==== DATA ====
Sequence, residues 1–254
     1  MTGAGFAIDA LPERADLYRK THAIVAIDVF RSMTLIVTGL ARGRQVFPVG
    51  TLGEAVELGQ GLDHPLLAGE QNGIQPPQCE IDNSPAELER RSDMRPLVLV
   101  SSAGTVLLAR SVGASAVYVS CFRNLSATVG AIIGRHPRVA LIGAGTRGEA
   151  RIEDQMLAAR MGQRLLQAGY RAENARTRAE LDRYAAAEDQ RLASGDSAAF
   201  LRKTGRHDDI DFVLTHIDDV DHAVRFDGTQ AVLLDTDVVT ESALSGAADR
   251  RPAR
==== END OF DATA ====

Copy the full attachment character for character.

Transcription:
Sequence, residues 1–254
     1  MTGAGFAIDA LPERADLYRK THAIVAIDVF RSMTLIVTGL ARGRQVFPVG
    51  TLGEAVELGQ GLDHPLLAGE QNGIQPPQCE IDNSPAELER RSDMRPLVLV
   101  SSAGTVLLAR SVGASAVYVS CFRNLSATVG AIIGRHPRVA LIGAGTRGEA
   151  RIEDQMLAAR MGQRLLQAGY RAENARTRAE LDRYAAAEDQ RLASGDSAAF
   201  LRKTGRHDDI DFVLTHIDDV DHAVRFDGTQ AVLLDTDVVT ESALSGAADR
   251  RPAR